Review: Bliss

Director: Joe Begos

Stars: Dora Madison, Tru Collins, Jeremy Gardner

Joe Begos had a productive 2019. His John Carpenter homage VFW recently hit Netflix  and was one of two features he brought to bear. Eureka Entertainment have given his other feature Bliss a welcome physical outlet. A limited edition is already starting to seem scarce, but a standard release aims to keep this scuzzy little number in circulation. It is quite easily the pick of the two features, although no less beholden to ghosts of the past.

Where VFW felt like Jason Eisener taking on Assault On Precinct 13Bliss feels like, well, Jason Eisener taking on Abel Ferrara’s The Addiction. Seeing as the Hobo With A Shotgun director seems to be somewhat missing in action at present, Begos is welcome to fill his shoes, especially if the results are as off-the-chain as this exploitative and gnarly little riff on the vampire joint.

Dora Madison embraces the darkness as Dezzy; a brilliant artist struggling to pay her rent, whose predilection for substances is about to take her to unprecedented places. Her connection (Graham Skipper) puts her onto a new strain of a drug called Bliss – packaged as Diablo – and a night of sex and plentiful consumption leaves her with a new habit. As things progress, however, her new addiction brings with it extra bite; a taste for human blood. Her new acquaintance Courtney (Tru Collins) doesn’t see this as a problem, and only eggs Dezzy on. As the cravings return, Dezzy slips and starts losing time.

The parallels with Ferrara’s The Addiction are awkwardly conspicuous. That picture – one of the best genre exercises of the ’90s – used vampirism as a metaphor for the irresistible drives of a consuming drug habit. Through it’s protagonist – Lili Taylor’s philosophy student – Ferrara was able to wax lyrical on the evils inherent in man. Begos has little interest in making his film into a backdoor thesis though (and he certainly doesn’t have a Christopher Walken as a hold card), so instead he leans hard on his preferred aesthetic – a continuous and shimmering bleed of reds and blues and the purple haze that roils in between, often set to a soundtrack of drone-metal fuzz. That and the pyrotechnics of gory physical effects work.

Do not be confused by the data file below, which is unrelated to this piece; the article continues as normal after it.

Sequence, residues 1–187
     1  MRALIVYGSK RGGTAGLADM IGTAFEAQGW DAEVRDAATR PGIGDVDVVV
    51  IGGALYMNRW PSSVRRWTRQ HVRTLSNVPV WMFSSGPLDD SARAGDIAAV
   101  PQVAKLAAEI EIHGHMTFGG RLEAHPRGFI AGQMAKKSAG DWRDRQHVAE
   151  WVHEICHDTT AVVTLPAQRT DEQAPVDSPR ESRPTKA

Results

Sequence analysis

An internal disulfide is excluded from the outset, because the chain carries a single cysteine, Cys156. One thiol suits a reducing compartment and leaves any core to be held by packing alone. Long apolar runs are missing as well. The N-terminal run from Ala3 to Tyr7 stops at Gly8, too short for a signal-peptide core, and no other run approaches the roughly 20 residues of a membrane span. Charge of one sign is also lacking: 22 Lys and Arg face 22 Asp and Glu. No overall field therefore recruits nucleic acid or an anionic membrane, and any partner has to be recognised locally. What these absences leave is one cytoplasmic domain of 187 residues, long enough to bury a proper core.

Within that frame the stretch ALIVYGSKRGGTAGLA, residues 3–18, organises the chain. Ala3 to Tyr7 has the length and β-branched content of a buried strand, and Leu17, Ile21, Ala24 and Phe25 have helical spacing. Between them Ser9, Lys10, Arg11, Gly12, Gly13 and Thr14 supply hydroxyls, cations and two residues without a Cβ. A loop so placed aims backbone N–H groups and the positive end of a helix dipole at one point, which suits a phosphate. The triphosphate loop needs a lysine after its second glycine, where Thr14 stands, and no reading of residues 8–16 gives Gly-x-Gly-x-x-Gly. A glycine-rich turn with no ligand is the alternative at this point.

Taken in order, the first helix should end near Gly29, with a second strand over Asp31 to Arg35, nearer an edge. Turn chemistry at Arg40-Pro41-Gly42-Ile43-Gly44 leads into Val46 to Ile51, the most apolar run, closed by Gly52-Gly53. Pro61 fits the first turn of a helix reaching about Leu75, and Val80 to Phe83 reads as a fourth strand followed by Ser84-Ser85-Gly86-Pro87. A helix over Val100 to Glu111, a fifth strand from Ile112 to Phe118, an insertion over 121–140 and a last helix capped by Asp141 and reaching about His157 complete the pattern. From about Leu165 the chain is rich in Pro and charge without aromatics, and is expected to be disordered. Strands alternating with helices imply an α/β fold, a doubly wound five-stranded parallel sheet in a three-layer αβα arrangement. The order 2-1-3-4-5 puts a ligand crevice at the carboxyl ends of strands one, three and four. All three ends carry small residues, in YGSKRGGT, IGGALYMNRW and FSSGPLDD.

In the process he’s created, you might say, a truer exploitation feature, shorn of lofty ambition. Dezzy’s relentlessly foul mouth pitches Bliss at a particular level and there it happily remains. Come the second half, Begos and his effects team roll out the gooey gratuity. It’s performative for its own sake and that’s absolutely fine; recalling the heyday of ’80s B-cinema, when physical effects teams would try to outdo one another with their ingenuity. Bliss delivers visceral surface thrills in this regard. Madison, for her part, is fully committed to the role, and also takes a producer credit, suggesting this is a passion project for her as well. It comes out in the work.

Early on, one of Dezzy’s T-shirts offers up a code to the mindset at work throughout this project. As she argues with her landlord over rent due, her torso is emblazoned with the Death Waltz logo (Death Waltz being a record label that puts out, primarily, remastered soundtracks to ’80s horror gems and obscurities). This codification of the old is the beating heart of Bliss, a neon-hewn love-letter to the upstarts of yesteryear, who’d have taken a place on the Video Nasties list as a badge of honour (though would much rather have made some money in the process).

It isn’t just lush lighting and buckets of fake blood conjuring this feeling. Begos shoots on 16mm, and the resulting film has a worn-in dustiness that helps bolster its yearn for lo-fi authenticity in no small way. Mike Testin’s camerawork is quite lovely at times. It may well be little more than a roll in the gutter of VHS’s glory days, but Bliss goes the distance in recreating the working conditions of its forefathers far more dutifully than a lot of lesser fare that we’ve seen in recent years. One of my own petty little bugbears is nostalgia pieces shot on digital; the facade is cracked instantly. Bliss feels like the real deal. Shrewd it may be but, for horror fans, the heart is in the right place on this one… right up until it’s ripped out or impaled with a hefty wooden stake.

 

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